So this is the predicted structure of the modern MrpA-like functional antiporter from N thermophilus, nt-Nha:
A missing link between complex I and group 4 membrane-bound [NiFe] hydrogenases
As you can see it is a double channel and it is homologous to NouL from mammalian (and others) complex I. The two marked amino acids are a glutamic acid and a lysine which are conserved in NuoL. I would guess that the left hand channel is the proton channel and the right hand one is for the antiported Na+ ion. In the modern bacterium N thermophilus this antiporter is electrogenic, ie it moves more than one H+ inwards for each Na+ outwards. This may or may not have been the case in LUCA.
So nt-Nha looks a lot like NuoL and so quite like NuoM and NuoN (and MrpA, MrpD and MbhH) but it is the only one to antiport. The antiport mechanism really hasn't been worked out yet.
I guess the next thing to look at is from the same paper. This time we're looking at NuoH, the anchor point at the base of all complex I family of proton pumps. Here it is as a model with NuoH in gold superimposed over the "left hand" channel of NuoL in grey:
Half of NuoL is structurally pretty well identical to NuoH.
From the proto-Ech posts I consider NuoH to be derived from the primordial channel designed to allow oceanic pH penetration in towards the NiFe catalytic site (at alkaline hydrothermal vent pH) to generate reduced ferredoxin as the core power molecule of early LUCA, able to reduce CO2 to CO at the CODH/ACS complex.
So a derivative of the ancestral proton channel formed half of NuoL. I think it is very likely that this is the case for all of the "antiporter-like" subcomplexes, though clearly some changes in function have occurred. What made up the other channel of the ancestral antiporter? For a clue as to this one we have to change subunit and change nomenclature. The work has not been done for NuoL but it has been done for the membrane bound hydrogenase of P furiosus (subunit MbhH) which is structurally more closely related to NuoN rather than NuoL.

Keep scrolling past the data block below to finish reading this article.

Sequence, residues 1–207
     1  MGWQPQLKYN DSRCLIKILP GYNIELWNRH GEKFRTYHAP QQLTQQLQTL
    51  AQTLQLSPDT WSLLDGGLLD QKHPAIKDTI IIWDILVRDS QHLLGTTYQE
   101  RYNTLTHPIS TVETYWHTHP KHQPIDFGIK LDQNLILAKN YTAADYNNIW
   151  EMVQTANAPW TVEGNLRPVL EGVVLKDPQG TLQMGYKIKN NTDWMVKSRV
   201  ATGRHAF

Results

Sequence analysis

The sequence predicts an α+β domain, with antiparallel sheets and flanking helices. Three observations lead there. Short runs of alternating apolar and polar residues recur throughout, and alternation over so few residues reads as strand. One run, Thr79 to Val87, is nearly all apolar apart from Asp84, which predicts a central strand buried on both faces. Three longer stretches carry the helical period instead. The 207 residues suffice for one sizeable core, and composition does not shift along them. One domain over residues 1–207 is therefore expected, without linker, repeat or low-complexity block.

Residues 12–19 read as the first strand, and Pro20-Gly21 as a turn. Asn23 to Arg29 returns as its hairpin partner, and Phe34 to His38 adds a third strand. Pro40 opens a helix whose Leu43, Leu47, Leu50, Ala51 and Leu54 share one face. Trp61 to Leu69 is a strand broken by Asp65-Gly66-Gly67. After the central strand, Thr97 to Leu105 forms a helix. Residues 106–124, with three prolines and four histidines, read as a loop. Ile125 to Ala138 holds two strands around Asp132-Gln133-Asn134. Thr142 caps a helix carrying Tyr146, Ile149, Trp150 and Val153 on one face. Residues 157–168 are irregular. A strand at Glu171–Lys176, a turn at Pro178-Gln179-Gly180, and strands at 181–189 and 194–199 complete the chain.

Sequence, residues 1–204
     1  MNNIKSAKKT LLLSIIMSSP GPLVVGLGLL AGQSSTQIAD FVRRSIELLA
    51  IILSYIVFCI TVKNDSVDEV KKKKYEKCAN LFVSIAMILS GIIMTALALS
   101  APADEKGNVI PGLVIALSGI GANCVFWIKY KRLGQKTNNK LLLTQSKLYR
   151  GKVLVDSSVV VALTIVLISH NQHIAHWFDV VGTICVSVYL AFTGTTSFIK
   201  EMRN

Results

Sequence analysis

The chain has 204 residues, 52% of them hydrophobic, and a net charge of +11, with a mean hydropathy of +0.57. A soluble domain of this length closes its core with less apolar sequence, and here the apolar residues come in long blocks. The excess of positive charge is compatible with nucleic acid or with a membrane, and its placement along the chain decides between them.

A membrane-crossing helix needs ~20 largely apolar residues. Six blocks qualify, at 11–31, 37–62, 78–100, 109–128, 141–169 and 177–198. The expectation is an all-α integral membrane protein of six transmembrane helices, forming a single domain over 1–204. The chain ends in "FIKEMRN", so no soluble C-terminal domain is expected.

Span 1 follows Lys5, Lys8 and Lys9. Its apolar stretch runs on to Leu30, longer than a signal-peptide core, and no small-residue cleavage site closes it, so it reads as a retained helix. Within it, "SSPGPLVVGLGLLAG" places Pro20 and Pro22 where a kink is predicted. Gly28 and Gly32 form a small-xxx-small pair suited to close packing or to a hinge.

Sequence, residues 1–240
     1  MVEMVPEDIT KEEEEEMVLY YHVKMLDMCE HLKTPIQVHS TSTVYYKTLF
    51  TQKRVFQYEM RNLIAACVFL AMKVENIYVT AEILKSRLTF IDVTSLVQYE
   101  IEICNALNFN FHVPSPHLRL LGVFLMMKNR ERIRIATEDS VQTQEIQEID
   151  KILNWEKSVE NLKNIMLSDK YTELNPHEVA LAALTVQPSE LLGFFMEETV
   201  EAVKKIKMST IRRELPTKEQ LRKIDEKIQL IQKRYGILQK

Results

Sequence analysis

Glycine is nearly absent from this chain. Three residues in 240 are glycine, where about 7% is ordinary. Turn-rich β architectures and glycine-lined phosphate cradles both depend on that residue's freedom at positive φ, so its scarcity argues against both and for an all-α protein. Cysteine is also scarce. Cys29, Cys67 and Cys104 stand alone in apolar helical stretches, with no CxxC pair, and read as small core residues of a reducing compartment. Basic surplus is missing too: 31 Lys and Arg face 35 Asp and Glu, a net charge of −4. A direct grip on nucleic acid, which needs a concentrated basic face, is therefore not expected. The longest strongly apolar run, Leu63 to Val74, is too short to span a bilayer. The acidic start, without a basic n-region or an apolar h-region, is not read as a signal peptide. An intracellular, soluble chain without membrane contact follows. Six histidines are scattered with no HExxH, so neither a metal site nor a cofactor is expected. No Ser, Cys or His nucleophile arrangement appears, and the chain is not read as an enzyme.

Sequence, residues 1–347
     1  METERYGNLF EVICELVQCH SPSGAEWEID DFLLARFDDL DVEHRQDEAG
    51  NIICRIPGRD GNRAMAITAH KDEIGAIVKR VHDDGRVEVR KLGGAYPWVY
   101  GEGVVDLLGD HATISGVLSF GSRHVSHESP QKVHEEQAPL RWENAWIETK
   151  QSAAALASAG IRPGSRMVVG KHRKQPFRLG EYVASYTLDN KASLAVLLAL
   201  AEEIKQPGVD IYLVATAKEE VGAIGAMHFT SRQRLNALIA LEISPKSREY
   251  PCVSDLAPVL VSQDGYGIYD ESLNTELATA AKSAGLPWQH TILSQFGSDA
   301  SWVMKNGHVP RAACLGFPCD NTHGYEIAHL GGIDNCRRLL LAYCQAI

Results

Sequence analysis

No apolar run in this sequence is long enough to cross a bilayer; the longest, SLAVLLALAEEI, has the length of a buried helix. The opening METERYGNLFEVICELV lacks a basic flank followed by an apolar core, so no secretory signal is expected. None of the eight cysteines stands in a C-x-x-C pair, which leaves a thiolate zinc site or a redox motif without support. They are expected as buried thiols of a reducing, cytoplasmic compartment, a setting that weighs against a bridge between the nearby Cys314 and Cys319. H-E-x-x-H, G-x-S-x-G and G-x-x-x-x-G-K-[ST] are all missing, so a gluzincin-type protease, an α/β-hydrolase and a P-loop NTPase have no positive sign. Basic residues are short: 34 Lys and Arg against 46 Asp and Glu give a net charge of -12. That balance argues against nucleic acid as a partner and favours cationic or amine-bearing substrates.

Let's switch papers and go back to
Structure of an Ancient Respiratory System
Here we are viewing subunit MbhH, remember that we think that the left hand channel is probably derived from the ancestor of NuoH:
Now, here's the clever bit. If we draw a horizontal line across the left hand channel, say just below the "9", we can rotate the channel around this line so all of the labels 9, 10, 11, 12 and 13 end up on the bottom far side of the model. With this done the two channels are superimposable, rather neatly:
So the right hand side of MbhH is simply the inverse of the left hand side.
We only need one protein, the original ancestral proton channel, to make both sides of the original ancestral antiporter. Minor modification would allow one side for H+ and the other for Na+. Then some sort of coupling to convert H+ in to drive Na+ out. But basically we can make all of the modern "antiporter-like" subunits from an ancestral derivative of two conjoined NuoH-like channels.
That is so neat it has to be correct. So it's probably wrong!
That coupling process might be extractable from work being done with modern complex I but I have only skim read the paper so far, so I'm not sure how much further I can progress the current fairy tale.